If you work for a company that either extends credit or provides goods and services, you rely on the timely payments from those indebted to you to continue operating. When people try to avoid their financial obligations to repay your company, it can hurt your bottom line.
The word "harassment" is often thrown around quite liberally when it comes to debt collections. Many in Dallas may understand that they legitimately owe on their debts; they just do not like to be reminded of it. You (as a business owner) have every right to collect what is owed to you; at the same time, you do not want your reputation damaged by those who you have to pursue for outstanding debts. A question that is often posed to us here at Palmer & Manuel PLLCB by clients in your same position is what does the law dictate when it comes to communicating with those that owe your company money?
It is not uncommon for a small business in Texas to have customers owe it money. Depending on the type of business you run, you may often sell items to customers on credit. Doing so means that you should also have a collections process in place to go after customers who do not pay their debt. When you do any type of collections, you should understand debt collection laws in the state to ensure you are not breaking any.
You did the research, connected with your clients and complied with all of the necessary regulations to get your financial business off the ground. With all the work you put into it, you expect other people to do the same and to repay their part of your partnership. At Palmer & Manuel PLLC, we want to help you get what you are owed if your Texas investments do not go exactly as planned.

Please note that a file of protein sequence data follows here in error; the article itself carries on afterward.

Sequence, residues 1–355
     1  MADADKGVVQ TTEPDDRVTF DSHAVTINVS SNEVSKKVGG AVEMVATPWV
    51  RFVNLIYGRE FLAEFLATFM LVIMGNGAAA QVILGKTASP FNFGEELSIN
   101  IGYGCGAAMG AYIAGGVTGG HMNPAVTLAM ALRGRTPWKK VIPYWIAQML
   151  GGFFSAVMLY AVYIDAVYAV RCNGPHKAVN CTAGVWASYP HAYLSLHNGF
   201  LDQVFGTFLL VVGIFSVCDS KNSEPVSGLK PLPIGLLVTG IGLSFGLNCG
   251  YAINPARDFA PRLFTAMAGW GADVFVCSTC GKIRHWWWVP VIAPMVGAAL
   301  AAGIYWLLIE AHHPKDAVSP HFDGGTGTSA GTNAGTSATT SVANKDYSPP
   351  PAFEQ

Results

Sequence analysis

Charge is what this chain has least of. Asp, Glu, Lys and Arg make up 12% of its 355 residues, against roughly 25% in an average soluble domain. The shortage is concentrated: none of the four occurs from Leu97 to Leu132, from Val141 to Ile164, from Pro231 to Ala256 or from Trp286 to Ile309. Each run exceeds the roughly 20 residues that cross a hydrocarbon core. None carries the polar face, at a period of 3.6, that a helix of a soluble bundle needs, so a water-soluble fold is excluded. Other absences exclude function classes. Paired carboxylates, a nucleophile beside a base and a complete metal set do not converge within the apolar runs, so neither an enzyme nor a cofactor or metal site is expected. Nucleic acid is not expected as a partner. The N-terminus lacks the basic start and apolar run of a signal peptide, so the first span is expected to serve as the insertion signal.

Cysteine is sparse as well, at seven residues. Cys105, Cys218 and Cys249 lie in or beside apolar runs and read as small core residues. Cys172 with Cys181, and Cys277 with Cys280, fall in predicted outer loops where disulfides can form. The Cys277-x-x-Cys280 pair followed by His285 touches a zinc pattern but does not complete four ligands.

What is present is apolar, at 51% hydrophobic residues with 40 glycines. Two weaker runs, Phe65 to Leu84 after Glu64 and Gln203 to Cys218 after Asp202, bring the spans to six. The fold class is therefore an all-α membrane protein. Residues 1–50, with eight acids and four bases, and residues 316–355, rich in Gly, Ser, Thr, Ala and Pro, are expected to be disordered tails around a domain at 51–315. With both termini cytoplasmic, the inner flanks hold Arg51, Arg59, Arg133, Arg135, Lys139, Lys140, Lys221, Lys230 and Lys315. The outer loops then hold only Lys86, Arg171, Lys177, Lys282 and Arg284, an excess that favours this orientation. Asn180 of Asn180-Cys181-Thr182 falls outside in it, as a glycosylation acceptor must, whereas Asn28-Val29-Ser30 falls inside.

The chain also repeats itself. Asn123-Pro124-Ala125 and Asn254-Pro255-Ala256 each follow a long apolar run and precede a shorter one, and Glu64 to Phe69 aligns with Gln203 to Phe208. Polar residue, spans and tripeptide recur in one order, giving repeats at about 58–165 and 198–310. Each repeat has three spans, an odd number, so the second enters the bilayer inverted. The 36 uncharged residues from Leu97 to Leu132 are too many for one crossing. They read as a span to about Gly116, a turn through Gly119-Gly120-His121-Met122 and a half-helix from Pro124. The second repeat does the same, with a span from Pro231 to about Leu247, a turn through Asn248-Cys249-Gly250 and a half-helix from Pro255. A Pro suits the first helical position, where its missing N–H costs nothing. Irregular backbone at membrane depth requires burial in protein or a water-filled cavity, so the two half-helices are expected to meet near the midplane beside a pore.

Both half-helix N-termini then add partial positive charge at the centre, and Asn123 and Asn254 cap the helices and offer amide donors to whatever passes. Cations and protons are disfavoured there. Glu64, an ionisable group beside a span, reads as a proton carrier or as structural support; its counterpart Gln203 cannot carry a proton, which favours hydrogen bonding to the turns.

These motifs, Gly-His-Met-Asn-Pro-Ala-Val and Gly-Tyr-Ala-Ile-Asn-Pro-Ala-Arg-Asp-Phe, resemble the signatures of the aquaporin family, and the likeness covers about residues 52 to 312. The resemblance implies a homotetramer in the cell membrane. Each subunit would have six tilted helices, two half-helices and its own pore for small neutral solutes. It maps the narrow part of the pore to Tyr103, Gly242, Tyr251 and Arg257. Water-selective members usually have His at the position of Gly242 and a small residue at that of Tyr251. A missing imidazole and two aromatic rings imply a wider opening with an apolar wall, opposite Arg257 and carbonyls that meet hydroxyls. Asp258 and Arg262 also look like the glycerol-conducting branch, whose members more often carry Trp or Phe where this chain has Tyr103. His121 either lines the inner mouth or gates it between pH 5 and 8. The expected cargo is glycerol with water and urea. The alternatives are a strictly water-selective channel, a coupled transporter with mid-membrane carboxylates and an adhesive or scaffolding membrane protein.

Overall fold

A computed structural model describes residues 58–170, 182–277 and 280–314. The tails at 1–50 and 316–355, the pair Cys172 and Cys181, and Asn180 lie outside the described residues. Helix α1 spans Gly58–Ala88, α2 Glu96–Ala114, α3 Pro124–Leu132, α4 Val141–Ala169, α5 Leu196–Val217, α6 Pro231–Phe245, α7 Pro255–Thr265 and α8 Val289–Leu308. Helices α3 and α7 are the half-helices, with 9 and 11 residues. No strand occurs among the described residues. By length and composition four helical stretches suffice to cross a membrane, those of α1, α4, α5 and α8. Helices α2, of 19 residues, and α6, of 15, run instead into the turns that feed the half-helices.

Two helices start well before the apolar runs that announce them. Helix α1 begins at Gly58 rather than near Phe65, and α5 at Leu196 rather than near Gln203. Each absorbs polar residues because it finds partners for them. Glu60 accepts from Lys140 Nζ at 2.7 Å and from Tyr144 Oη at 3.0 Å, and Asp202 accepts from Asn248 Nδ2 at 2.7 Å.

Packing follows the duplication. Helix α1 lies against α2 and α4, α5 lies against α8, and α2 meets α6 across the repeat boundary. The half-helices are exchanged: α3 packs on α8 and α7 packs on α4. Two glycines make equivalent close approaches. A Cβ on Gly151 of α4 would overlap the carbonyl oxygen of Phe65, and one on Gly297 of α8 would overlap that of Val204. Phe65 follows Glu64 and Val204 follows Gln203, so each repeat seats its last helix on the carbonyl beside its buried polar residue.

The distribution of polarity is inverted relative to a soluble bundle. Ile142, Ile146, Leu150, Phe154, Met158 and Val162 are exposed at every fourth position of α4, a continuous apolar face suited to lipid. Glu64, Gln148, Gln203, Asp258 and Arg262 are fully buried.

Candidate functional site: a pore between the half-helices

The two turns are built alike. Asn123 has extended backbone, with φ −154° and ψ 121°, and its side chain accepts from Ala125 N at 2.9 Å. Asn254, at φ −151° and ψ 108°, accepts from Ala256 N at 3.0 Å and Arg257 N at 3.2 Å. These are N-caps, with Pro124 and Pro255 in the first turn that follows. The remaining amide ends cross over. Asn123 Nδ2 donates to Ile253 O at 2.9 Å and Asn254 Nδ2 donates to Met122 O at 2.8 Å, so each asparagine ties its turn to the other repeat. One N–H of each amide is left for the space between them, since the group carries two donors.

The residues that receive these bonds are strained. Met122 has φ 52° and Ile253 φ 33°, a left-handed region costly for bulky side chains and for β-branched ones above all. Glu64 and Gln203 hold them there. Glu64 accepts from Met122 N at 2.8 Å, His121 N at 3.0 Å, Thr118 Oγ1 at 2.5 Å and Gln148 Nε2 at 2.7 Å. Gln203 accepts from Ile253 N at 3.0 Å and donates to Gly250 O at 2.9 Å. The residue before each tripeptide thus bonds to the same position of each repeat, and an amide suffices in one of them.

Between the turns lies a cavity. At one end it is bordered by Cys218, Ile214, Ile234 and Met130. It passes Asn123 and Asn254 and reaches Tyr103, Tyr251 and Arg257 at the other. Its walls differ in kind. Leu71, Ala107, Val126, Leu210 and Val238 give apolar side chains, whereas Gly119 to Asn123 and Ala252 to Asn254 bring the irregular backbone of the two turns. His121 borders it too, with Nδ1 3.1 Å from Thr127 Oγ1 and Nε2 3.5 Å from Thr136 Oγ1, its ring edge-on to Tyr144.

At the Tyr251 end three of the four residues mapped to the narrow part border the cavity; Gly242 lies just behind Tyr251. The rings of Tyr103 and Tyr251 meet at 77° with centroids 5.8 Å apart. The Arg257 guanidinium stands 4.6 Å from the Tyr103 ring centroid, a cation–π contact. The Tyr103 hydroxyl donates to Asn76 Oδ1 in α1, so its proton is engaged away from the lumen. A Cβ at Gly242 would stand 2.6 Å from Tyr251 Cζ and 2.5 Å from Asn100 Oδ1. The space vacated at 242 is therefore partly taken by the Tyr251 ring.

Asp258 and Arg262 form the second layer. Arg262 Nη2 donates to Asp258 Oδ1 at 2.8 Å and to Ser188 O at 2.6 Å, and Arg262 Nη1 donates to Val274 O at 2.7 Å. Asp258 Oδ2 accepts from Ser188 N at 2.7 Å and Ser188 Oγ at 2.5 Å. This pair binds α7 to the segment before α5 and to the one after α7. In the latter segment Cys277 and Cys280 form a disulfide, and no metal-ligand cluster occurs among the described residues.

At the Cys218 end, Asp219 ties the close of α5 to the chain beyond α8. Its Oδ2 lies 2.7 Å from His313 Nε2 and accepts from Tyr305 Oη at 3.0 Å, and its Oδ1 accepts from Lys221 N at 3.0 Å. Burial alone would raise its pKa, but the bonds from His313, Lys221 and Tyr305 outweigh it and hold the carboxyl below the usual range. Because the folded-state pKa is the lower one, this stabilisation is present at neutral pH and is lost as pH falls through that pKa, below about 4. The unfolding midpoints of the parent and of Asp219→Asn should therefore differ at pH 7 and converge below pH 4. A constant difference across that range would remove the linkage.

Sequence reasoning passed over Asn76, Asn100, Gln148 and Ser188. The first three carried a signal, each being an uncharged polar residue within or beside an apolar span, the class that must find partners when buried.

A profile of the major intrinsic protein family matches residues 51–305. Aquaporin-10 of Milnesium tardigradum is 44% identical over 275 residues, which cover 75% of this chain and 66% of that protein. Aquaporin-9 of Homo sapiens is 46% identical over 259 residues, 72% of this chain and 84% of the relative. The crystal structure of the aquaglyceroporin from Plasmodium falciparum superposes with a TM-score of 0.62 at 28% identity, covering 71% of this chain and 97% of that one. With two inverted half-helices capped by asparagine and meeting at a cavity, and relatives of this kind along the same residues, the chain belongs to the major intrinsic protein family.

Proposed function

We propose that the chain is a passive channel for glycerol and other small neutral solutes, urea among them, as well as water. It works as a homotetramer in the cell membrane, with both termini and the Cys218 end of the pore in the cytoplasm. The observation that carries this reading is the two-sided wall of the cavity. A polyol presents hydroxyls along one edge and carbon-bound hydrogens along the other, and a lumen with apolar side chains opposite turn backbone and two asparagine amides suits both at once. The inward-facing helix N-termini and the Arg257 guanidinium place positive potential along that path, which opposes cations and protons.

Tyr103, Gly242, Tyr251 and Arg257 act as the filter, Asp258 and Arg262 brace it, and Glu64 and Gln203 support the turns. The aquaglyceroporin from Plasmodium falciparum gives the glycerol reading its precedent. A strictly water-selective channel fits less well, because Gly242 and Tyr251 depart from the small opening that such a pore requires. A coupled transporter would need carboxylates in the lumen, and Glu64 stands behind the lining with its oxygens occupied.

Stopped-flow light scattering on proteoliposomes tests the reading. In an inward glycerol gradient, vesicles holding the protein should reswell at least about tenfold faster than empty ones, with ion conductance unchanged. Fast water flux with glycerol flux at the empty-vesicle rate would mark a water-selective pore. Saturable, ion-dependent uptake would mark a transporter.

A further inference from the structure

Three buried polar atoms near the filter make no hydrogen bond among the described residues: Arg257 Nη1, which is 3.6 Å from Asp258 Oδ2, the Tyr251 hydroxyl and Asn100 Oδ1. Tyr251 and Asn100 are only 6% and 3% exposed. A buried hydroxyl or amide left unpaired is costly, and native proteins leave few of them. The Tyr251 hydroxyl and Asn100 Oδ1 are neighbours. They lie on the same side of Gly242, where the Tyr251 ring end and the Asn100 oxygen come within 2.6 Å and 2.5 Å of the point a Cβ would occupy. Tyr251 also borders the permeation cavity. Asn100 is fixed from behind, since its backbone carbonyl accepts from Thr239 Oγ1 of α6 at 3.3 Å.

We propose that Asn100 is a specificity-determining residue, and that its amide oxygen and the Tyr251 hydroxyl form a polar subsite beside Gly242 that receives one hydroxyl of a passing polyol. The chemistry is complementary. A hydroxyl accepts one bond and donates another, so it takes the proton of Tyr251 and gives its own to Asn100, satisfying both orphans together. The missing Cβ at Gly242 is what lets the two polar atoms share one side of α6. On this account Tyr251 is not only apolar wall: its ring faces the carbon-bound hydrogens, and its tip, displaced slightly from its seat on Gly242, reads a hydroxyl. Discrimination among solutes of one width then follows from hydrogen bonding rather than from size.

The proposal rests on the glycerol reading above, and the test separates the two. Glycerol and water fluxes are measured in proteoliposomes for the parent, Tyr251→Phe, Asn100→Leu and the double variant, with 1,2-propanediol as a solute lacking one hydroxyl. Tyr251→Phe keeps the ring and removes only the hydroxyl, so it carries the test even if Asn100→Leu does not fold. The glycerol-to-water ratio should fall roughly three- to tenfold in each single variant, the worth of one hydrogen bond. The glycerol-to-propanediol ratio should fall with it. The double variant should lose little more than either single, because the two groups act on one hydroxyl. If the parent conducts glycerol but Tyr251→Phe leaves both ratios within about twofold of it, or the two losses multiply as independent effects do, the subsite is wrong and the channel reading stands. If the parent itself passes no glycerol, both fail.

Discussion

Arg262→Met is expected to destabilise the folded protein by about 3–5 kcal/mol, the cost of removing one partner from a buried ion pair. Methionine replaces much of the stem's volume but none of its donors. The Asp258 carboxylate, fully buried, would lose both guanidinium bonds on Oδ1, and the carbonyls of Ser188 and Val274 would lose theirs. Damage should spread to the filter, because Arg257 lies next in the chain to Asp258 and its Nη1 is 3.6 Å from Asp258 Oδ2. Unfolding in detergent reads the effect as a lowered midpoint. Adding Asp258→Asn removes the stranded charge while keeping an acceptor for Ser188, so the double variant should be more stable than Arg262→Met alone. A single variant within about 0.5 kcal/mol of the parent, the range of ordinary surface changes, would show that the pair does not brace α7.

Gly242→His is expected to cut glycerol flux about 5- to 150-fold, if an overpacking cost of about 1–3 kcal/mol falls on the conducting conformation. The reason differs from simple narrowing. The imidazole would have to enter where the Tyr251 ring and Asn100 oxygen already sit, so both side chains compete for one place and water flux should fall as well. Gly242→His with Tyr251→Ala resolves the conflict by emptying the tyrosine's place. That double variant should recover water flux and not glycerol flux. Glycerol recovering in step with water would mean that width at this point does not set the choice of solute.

There is nothing more frustrating than being owed money and not receiving it. Everybody wants to be paid their fair due; that is why creditors will sometimes employ a writ of garnishment to collect what is owed.
If you own a business in Texas, you likely rely on customers' timely payments to pay expenses and fund growth. When a customer not only fails to pay you but also files bankruptcy to prevent any sort of debt collection action, you may be torn between pursuing the debt into bankruptcy or giving up the claim altogether. If you are like many business owners, you may assume that pursuing the debt is not worth your time or money. But this might not be the case at all.